The recent outbreak of cholera in the country claimed 34 lives with the Greater Accra Region recording 16 deaths, the highest number.
A total of 2,376 cases were recorded nationwide from September 2010 with the Greater Accra Region recording 1,670 cases.
Dr Joseph Amankwah, Director of Public Health of the Ghana Health Service (GHS), speaking on Tuesday during an emergency meeting of the National Disease and Epidemics Management Technical Committee, observed that drinking water sources in most parts of the country had been polluted and contaminated.
He noted that “the same taxis that are used to carry food items were also used to carry corpses to and fro mortuaries in a careless manner”.
“There is the need to create extra reception centres to assist the health authorities to accommodate the victims for treatment,” he said.
The meeting, which was organized by the National Disaster Management Organisation (NADMO), was aimed at deliberating on the cholera outbreak and water and sanitation problems and also to find solutions to curb future occurrences.
Dr. Amankwah called on the general public to desist from refuse dumping within human settlements, defecating on the banks of water bodies and unhygienic ways of handling and selling food near open gutters since these had been identified as some of the causes of the epidemic.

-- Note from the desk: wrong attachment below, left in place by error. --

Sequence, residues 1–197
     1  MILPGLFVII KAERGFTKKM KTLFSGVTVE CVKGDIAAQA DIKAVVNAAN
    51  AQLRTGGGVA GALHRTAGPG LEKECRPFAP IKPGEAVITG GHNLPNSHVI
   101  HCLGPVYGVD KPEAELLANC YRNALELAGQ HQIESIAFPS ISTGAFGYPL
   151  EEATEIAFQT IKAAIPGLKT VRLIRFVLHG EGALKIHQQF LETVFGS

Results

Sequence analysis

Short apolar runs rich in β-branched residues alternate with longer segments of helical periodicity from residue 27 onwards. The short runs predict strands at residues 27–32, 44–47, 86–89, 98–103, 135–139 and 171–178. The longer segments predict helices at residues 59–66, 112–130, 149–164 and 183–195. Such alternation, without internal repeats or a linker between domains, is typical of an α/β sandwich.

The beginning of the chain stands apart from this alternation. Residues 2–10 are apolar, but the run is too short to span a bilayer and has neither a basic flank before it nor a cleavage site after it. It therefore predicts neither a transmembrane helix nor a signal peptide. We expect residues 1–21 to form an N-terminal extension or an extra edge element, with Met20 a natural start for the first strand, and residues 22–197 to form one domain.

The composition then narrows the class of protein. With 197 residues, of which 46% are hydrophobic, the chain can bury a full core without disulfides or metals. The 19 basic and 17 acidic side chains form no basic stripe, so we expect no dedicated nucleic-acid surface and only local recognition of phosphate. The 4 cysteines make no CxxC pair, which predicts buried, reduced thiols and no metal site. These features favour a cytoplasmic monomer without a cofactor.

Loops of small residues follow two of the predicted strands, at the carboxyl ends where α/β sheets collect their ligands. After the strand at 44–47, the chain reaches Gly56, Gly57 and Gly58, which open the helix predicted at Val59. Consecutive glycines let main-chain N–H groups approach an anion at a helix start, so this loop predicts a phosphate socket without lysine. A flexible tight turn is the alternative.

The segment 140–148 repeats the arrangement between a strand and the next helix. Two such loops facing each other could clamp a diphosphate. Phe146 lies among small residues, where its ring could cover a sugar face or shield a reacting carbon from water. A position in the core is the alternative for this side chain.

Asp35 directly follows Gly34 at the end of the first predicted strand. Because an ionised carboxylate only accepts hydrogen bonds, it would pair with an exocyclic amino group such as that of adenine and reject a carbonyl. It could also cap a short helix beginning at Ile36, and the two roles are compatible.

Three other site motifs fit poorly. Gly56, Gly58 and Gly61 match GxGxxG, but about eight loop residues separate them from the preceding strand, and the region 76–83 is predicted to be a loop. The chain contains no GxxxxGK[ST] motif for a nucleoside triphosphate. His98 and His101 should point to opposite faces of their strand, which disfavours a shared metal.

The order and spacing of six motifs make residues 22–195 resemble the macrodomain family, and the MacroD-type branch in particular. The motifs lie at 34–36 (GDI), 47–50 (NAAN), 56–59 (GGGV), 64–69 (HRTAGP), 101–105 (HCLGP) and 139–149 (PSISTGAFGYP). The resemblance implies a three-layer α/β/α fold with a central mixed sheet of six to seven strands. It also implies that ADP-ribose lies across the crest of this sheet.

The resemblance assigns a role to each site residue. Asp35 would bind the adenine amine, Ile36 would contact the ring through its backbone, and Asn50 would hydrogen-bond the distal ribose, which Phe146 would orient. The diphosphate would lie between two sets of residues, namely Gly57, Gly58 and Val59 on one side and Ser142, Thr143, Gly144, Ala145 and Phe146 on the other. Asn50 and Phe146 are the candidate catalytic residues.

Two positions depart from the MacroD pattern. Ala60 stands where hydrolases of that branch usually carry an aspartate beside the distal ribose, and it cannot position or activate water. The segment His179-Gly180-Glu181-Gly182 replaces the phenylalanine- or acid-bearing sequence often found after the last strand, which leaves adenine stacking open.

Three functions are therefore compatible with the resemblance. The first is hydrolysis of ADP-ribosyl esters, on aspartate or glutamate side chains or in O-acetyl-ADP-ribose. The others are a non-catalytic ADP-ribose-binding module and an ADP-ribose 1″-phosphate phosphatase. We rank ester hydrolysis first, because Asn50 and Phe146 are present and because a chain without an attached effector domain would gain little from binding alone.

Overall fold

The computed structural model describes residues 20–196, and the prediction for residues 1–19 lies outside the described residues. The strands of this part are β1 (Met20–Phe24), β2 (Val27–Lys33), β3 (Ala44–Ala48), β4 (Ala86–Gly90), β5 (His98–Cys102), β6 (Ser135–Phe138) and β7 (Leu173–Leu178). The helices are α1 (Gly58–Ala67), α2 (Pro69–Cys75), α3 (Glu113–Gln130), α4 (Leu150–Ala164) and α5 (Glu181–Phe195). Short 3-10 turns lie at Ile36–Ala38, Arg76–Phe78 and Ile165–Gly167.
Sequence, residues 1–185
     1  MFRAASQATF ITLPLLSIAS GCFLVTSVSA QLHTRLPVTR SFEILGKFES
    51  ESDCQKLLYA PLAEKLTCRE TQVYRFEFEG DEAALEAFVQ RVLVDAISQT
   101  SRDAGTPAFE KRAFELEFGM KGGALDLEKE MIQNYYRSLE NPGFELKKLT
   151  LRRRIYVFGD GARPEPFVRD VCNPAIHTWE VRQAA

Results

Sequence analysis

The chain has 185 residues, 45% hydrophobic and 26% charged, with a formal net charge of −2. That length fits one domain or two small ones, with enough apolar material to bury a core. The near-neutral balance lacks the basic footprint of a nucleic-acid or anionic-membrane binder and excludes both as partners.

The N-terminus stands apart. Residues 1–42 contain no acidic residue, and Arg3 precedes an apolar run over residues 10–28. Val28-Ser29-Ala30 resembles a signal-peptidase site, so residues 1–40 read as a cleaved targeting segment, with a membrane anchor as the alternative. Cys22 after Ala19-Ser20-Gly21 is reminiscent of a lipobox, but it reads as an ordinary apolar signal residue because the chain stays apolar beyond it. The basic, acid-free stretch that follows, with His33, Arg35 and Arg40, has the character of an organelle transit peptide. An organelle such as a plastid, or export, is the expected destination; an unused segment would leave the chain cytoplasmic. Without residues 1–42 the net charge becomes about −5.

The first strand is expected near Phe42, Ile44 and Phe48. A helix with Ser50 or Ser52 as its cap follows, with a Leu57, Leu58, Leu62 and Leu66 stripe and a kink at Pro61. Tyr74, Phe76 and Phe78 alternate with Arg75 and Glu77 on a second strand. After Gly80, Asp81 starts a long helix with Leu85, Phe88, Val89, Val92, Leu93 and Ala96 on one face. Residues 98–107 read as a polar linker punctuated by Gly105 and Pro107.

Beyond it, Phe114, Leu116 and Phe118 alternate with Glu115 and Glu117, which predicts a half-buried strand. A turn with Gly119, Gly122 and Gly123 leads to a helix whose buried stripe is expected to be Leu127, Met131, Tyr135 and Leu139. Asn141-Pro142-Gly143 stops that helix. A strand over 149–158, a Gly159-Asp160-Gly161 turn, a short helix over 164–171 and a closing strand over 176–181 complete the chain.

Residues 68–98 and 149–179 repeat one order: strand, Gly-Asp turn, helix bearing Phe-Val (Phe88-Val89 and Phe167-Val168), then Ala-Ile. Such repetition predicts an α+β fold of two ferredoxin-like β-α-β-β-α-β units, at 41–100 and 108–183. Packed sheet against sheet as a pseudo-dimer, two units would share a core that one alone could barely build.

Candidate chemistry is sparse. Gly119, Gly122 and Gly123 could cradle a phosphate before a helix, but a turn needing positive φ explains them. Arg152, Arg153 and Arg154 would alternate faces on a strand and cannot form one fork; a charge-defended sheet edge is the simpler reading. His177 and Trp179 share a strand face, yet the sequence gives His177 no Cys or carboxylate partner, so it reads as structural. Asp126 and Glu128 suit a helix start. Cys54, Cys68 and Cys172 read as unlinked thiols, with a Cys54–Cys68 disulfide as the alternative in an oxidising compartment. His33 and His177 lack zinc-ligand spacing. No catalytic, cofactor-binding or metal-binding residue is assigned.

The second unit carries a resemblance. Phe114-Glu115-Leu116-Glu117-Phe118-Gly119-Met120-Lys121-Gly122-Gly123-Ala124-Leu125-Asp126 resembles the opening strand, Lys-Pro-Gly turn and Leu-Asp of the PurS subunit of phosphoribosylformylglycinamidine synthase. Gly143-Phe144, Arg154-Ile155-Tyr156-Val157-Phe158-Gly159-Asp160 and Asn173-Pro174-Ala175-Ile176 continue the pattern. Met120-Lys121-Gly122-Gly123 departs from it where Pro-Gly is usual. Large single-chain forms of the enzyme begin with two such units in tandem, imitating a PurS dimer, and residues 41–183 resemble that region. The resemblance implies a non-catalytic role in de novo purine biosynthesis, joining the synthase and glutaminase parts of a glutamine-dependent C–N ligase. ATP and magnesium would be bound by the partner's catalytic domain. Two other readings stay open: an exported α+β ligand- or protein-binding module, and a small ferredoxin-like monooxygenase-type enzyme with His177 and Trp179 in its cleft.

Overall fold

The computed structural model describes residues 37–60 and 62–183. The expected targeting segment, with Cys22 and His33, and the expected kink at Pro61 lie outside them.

Most of the reported cases in Accra involved people from Abossey Okai, Zongo and Agbobloshie since these communities have a lot of slums with poor sanitary conditions.
Dr Amankwa noted that though the GHS and other institutions had worked hard to contain the situation, there was still a lot more to be done to prevent further outbreaks.
Dr Elias Sory, Director-General of the GHS, assured the public that his outfit would do everything possible to provide quality health service delivery.
Dr. Sory appealed to the government to allocate adequate funds to the Health Promotion Department to facilitate its public education and sensitization on preventive measures.
Dr. Hanna Bisiw, Deputy Minister of Water Resources, Works and Housing, called on Metropolitan, Municipal and District Assemblies (MMDA) and other law enforcement agencies to ensure that food vendors and sachet water producers adhered to the by-laws.
According to her, there was the need for attitudinal change in all sectors of the society and the most effective means to achieve this was to intensify and sustain public education.
Mr Kofi Portuphy, Coordinator of NADMO, urged the Accra Metropolitan Assembly to intensify its public education campaign on sanitation to help bring the situation under control.